HR departments will have a key role to play if pension auto-enrolment – due to come into force in 2012 – is to succeed.
Steve Rumbles, head of defined contribution (DC) pensions at BlackRock – speaking at today’s launch of a joint report with the Chartered Institute of Personnel and Development (CIPD) into the business case for pensions – said HR departments should educate and inform employees about their pension choices in the run up to 2012 and beyond. But he warned they needed to distinguish between giving information and advice.
The report said that in the “new pension world” that auto-enrolment will usher in, “a key role for HR is to empower the employee through education and personal awareness so that they can make informed choices about pensions and other benefits that the firm may offer”.
Some 81 employers – a mix of large, small and medium-sized companies – and 840 private sector employees were polled for the report. It found a high level of ignorance among employees about pensions.
Just over one in four of the employees surveyed knew how much they should be saving for a comfortable retirement, and 56% said they were worried they will not have enough. Fewer than half (48%) had reviewed their contribution levels in the past two years, while 47% said they were “resigned” to postponing their retirement and working longer than they had planned.
CIPD chief reward adviser Charles Cotton said: “The research clearly shows that employees and employers alike are sleepwalking into a potential retirement disaster. Many employees are planning to rely on downsizing their home, family hand-outs or on government to support them in retirement, while many employers will face the prospect of trying to motivate an older workforce who are simply soldiering along because they cannot afford to retire.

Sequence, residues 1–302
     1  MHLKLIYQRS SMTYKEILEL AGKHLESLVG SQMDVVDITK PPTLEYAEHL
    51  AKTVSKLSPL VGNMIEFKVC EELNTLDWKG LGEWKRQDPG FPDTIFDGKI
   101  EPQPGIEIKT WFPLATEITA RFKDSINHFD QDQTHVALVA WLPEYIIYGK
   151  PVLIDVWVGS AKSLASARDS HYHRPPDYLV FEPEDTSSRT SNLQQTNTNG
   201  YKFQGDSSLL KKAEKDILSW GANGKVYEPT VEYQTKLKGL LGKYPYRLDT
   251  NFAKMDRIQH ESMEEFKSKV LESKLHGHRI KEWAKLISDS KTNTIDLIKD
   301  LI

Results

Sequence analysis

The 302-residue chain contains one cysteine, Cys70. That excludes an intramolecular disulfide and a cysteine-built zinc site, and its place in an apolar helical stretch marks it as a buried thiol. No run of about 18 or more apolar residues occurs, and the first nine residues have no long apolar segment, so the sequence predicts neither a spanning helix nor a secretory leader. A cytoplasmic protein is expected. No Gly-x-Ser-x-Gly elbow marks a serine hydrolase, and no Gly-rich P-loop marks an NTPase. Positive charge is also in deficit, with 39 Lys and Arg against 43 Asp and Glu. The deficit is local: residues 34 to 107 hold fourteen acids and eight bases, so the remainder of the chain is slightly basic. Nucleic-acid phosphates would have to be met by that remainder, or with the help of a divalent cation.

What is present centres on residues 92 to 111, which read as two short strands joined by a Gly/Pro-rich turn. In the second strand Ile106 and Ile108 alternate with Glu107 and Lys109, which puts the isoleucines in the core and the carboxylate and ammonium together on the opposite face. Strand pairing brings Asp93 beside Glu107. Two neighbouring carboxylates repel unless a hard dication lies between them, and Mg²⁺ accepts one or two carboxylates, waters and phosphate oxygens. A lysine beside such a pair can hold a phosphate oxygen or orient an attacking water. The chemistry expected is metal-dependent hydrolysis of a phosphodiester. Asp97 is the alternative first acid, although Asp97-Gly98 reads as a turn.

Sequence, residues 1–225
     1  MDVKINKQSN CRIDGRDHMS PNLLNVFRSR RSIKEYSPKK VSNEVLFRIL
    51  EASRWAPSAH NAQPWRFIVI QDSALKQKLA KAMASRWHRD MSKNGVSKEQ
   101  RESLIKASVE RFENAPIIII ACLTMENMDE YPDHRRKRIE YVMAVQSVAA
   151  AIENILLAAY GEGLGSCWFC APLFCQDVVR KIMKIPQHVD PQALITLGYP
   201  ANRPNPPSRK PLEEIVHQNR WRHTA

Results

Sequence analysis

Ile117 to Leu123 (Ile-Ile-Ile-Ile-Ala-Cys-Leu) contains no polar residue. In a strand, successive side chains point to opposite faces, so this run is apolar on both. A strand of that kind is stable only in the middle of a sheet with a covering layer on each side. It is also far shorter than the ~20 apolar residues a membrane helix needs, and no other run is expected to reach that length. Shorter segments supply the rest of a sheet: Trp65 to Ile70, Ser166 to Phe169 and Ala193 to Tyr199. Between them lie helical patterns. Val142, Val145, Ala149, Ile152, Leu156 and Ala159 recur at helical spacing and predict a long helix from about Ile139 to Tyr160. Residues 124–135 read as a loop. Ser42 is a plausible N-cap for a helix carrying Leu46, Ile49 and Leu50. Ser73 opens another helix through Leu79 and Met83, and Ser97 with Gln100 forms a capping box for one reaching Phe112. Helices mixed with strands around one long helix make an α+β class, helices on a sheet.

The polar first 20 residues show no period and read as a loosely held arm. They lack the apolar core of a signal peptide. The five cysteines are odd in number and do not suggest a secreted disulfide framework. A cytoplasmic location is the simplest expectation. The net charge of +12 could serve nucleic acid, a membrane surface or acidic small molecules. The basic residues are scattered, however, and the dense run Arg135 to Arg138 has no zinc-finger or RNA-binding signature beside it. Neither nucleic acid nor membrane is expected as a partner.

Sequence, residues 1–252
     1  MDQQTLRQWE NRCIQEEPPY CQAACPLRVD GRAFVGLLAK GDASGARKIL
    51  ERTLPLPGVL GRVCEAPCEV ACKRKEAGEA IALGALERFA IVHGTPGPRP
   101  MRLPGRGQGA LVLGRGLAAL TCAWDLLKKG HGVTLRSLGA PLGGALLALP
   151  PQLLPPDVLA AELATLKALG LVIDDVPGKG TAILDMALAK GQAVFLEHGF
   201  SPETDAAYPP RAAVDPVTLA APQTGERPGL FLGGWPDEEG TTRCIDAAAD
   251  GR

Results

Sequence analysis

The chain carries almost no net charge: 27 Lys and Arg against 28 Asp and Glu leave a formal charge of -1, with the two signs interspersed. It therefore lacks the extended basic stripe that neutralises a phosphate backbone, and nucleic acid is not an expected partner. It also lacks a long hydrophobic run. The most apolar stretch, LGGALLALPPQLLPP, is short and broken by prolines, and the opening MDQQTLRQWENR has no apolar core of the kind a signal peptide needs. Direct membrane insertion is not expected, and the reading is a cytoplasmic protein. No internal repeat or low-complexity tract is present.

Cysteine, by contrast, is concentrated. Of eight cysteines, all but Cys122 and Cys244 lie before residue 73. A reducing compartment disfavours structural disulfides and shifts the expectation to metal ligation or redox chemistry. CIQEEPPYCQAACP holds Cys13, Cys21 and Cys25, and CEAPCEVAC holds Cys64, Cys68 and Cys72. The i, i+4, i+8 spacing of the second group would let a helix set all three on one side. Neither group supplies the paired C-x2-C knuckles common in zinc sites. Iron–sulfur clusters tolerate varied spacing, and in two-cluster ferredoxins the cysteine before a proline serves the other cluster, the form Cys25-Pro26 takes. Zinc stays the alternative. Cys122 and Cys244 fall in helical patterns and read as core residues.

“While employers are no longer responsible for the retirement planning of their employees, it makes sense for them to educate their staff on the importance of saving into a pension scheme.”
Blackrock and the CIPD said that interactive online tools should be provided by employers to give workers information on how much they need to save. Employers should also consider subsidising the cost of expert advice on pensions.
The research – which included 61 telephone interviews with responding employers – identified employers’ areas of concern:
Little attempt to ensure pension approach is aligned to the business strategy or the employer brand
Concern about employee take-up and contribution
Too little focus on pensions and employee recruitment, retention and engagement
Too much focus on DC benefits even though only a minority of the workforce are in such pension schemes
DC schemes benchmarked against the norm, rather than what makes sense for the employer.
The report also called on HR professionals to understand pensions and the role they can play in supporting reward and people management strategies. They also need, it said, to examine the various ways in which they can evaluate whether their existing approach to assisting their employees to plan for retirement is actually working as the company intended.